Some contracts are more important than others. Figuring out what’s “good enough” depends on the deal’s potential consequences — both good and bad.
Some are considered “bet-the-company”. They call for a degree of quality, investment of time, and costs (especially lawyers’ fees) commensurate with their potential benefit and potential risk. Other, more routine, “run-the-company” agreements might not warrant the same mix of quality, time, and costs.
In business contracting there is no such thing as perfection; only compromises in the allocation of a company’s resources.
This Matters to Your Business
Whether bet-the-company or run-the-company, what’s put in a contract is always important. Always potentially consequential. For good or for ill. Lawyer and prominent contracting expert Ken Adams describes the stakes:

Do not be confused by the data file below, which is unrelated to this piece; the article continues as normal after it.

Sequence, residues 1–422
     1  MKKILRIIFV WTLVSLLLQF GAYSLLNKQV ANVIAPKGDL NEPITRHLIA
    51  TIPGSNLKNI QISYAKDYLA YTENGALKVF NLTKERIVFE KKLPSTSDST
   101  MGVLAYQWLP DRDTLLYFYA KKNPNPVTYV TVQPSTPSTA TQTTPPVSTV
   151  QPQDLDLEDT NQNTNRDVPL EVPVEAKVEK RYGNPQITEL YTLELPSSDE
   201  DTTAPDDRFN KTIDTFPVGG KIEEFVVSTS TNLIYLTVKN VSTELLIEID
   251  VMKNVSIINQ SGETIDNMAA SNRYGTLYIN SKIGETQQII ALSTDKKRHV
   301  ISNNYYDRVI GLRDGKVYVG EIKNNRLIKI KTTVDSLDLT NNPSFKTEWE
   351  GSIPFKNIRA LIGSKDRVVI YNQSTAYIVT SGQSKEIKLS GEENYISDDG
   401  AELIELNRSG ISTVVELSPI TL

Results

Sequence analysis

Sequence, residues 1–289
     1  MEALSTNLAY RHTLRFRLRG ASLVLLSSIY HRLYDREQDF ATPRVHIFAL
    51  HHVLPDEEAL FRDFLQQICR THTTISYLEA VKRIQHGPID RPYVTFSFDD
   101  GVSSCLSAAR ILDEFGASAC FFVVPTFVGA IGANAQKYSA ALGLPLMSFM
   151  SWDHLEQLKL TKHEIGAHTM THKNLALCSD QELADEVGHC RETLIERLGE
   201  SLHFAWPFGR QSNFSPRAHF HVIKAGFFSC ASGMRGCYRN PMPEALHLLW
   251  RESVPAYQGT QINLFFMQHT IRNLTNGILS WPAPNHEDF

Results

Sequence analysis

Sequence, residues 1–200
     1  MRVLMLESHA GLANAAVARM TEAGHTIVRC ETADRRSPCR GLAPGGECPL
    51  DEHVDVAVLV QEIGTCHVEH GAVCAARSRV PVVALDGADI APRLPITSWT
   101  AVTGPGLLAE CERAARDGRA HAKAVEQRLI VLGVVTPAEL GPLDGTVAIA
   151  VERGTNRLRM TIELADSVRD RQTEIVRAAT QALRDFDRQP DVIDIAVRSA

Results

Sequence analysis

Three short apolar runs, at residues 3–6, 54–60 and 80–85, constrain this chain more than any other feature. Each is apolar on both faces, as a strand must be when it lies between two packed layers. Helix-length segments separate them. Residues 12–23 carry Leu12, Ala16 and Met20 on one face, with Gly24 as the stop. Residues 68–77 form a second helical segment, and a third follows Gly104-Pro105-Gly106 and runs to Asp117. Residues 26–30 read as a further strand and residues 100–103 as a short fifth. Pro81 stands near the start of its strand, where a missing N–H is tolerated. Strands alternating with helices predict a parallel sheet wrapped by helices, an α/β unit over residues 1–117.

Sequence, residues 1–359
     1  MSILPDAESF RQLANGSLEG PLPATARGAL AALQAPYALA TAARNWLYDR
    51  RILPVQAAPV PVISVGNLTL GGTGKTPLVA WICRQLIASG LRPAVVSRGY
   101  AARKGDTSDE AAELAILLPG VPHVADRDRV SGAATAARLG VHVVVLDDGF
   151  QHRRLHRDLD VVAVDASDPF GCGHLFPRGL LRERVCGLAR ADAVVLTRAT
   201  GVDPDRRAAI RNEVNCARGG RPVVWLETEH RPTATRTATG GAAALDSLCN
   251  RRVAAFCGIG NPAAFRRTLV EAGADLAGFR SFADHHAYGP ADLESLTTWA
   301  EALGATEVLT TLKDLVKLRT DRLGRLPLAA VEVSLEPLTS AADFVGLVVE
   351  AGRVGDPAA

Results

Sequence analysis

“Dysfunctional contract language throws a wrench into the contracting process:
- By making contract language harder to read and more confusing, it wastes time and money at every stage of the process: drafting, review, negotiating, and monitoring enforcement.
- It can result in suboptimal outcomes in deals that get done.
- It can result in deals getting so bogged down that they don’t get done.
- It can hurt your competitiveness, if your competitors have clearer contracts.
- It leads to disruptive disputes, with some ending up in messy and expensive court or arbitration proceedings.
- It demoralizes those who work with contracts.”
Bet-the-company contracts (say, in M&A, or for a long-term and high-dollar sales deal, or in an agreement with a vital supplier) are more likely to call for tailor-made language, serious time of executive staff, and considerable lawyer fees. Run-the-company ones may be more amenable to some level of standardization.
Stanford economist Thomas Sowell, in a context different from business contracting, famously wrote: “There are no solutions, there are only tradeoffs; and you try to get the best tradeoff you can get, that’s all you can hope for.”
But beyond such generalizations, it’s unwise to harbor inflexible expectations about quality, time, and cost in all parts of the contracting function.